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Check Digits in Payroll or Stock Numbers


Date: 11/16/96 at 18:28:36
From: Nigel Tombs
Subject: Check Digits

Hi Dr. Math:

Have you ever used or do you know about check digits?  They appear in 
payroll numbers or stock numbers.

I understand it's a unique single digit number that is placed as the 
last number of a series of numbers and is made from a calculation 
involving all of the other numbers.  A computer checks the last digit 
to verify that it is a correctly entered stock number from a user 
input.  If the user enters an incorrect number, the transaction will 
be rejected.

For example: stock number 4793769(?), where (?) is the calculated 
digit.

What is the set of calculations required to get the unique single 
digit number?  Does the computer generate it automatically?  I assume 
the user does not see the last digit since only the computer program 
is concerned with it.

Thanks in advance for any answers or theory you may provide.

Nigel, Swindon, England


Date: 11/16/96 at 19:10:03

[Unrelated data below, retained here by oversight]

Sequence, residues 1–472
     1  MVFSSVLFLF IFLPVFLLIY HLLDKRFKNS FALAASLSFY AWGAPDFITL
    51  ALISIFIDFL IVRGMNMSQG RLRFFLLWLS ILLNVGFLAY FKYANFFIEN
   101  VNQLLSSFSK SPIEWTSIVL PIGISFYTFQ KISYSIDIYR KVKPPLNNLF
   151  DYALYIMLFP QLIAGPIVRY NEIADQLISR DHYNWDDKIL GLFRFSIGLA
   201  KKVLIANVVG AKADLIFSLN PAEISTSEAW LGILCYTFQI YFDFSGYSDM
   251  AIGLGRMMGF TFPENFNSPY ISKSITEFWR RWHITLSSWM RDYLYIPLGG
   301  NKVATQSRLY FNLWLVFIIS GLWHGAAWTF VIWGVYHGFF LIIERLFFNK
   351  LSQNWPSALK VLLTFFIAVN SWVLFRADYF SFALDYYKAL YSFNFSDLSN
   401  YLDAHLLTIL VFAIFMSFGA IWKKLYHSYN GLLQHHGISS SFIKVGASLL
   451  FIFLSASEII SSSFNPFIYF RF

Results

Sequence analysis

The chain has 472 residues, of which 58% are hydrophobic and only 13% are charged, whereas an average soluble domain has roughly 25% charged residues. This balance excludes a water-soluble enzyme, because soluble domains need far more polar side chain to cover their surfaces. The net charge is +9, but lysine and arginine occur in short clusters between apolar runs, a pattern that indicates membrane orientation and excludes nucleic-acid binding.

From: Doctor Mike
Subject: Re: Check Digits

Hello Nigel,
  
Yes, I am familiar with check digits that are used for many things.
  
One example that I ran across recently has to do with SIN numbers, 
which are Social Insurance Numbers for citizens of Canada.  Look at 
the web site:

  http://www.revcan.ca/E/pub/gd/402895et/402895e.txt   
 
and search for the text string "check digit".  This gives the 
calculation actually used by the government for calculating the 9th 
digit from the first 8 digits.  It is pretty involved, and I don't 
know why they didn't choose something a little simpler, but that is 
what they use. 
  
There are many different calculations for producing a check digit, and 
not just one standard one.  In fact, some calculations may be kept  
secret for security reasons.  A very simple one that could be used 
for checking for data entry errors would be to add up the other 
digits, and take the units digit of that result as the check digit.  
Using this process with your example 4793769(?) would give 47937695 
since the other digits add up to 45.  This is NOT a very good check 
digit algorithm because it fails to catch a very common mistake of 
switching adjacent digits.  If instead of entering 47937695 you 
entered 47973695, you would not catch this with the simple check digit 
algorithm.  The reason is that the other digits added up in ANY order 
still give 45, so 5 would still be the check digit. This is one reason 
for a more involved check digit calculation like the one in the 
Canadian system. 
  
I hope this helps.

-Doctor Mike,  The Math Forum
 Check out our web site!  http://mathforum.org/dr.math/   
    
Associated Topics:
High School Calculators, Computers

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